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Juilliard life and death
A review of Nothing But the Best by Judith Kogan.
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Judith Kogan Nothing But the Best.
Harpist and lawyer Judith Kogan’s Nothing But the Best, an account of student life at the elite and prestigious Juilliard School in New York, is a story not of lives but of deaths. The individual deaths of which she writes are those of the minds and souls of many, if not most, of our best young musicians. The more general death her book all too tragically sketches is that of music as the source of a transcendent commitment and fulfillment.
In many ways, it is Miss Kogan’s subject, and not her treatment of it, which requires that what she writes be taken seriously. Nothing But the Best is hardly a work of art in itself. Written in a banal style, it is prevailingly sentimental, indulging in a characteristic tone of what can only be called mawkish nihilism, in which florid suffering and pain are undergone for no final purpose and with no final meaning.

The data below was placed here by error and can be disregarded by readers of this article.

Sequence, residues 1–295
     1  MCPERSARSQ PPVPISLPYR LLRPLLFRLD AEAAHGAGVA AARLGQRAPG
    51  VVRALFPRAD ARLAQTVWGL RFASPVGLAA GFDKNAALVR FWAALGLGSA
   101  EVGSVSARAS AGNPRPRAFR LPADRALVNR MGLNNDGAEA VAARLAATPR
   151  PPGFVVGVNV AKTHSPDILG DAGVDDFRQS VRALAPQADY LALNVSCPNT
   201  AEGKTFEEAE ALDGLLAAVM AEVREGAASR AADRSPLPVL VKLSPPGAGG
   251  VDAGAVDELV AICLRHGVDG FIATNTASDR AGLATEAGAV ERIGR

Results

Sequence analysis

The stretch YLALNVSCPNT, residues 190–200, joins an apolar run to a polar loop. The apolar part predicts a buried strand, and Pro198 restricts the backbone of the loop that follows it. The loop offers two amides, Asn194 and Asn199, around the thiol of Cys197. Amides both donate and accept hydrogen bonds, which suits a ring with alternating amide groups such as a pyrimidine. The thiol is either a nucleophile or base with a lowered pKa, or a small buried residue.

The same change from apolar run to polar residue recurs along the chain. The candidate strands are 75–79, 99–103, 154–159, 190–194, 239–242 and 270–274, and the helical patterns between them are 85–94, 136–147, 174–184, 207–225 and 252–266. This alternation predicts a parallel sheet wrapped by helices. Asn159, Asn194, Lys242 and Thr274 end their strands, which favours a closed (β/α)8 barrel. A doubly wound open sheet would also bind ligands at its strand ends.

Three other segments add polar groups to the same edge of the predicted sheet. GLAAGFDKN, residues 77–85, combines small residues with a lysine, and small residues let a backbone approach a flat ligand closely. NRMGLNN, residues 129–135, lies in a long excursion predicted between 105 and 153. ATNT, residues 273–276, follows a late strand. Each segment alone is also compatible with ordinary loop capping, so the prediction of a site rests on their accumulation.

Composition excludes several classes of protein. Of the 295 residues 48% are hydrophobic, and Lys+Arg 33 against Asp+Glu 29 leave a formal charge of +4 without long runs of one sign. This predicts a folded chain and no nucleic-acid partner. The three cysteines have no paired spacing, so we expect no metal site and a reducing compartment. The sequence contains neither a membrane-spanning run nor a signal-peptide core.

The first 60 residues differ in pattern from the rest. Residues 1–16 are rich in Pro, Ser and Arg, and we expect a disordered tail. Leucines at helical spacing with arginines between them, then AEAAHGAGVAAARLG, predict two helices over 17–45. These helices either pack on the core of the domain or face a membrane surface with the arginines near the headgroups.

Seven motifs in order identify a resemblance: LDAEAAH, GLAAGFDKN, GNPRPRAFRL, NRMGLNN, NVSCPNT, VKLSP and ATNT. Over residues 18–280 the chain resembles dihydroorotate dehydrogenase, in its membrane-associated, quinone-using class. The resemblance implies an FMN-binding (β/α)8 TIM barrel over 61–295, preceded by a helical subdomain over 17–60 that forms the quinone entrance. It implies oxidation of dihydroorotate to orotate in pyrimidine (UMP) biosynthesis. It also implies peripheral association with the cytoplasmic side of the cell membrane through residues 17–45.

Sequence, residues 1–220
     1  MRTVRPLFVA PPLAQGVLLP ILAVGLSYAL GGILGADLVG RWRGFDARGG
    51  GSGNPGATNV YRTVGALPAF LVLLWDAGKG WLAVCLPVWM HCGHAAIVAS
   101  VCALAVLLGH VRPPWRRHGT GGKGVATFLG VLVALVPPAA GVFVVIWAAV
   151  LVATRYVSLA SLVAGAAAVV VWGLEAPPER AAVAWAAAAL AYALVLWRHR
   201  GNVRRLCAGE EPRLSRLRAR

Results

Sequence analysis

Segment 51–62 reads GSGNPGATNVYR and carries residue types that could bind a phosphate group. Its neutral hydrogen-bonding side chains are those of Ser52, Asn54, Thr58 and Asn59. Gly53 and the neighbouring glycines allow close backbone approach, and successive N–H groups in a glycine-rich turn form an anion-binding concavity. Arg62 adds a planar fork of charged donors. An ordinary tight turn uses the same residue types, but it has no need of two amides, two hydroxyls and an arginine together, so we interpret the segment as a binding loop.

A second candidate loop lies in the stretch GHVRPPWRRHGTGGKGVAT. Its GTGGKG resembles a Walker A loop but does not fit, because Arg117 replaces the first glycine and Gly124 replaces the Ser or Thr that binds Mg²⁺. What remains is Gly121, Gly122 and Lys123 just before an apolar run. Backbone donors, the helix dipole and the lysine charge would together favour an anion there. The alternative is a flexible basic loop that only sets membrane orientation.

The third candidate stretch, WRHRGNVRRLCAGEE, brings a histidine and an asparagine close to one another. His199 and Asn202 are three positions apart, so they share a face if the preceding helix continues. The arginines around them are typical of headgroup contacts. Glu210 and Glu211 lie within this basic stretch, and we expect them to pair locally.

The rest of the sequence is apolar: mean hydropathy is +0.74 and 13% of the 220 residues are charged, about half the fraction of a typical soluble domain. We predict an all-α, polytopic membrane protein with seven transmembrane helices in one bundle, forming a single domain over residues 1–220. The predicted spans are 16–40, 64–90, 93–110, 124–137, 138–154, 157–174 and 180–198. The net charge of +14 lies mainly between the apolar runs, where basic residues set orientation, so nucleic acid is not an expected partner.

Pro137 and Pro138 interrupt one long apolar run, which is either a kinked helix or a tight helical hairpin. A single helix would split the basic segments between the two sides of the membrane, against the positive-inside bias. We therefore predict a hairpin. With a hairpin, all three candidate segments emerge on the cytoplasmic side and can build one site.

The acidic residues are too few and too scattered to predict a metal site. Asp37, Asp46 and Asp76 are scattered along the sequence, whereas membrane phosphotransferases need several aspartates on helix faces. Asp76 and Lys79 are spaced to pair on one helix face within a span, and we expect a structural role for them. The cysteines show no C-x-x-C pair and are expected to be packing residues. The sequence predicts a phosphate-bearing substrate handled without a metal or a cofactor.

Moreover, it is easy to dismiss the horror stories with which Nothing But the Best abounds as little more than the resentment that marks most books about the encounter between young people and the institutions that seek to mold them. It can also be said, and correctly, that it has never been easy to become a musician, or to remain one as the infirmities of age replace the energies of youth. The casualties of high-level music education can hardly come as a surprise to those who have known a great number of musicians, and many Juilliard students and graduates among them; in my own case, I was a student at Juilliard from 1959 to 1962, and my wife, the pianist Jeaneane Dowis, taught there from 1957 to 1968.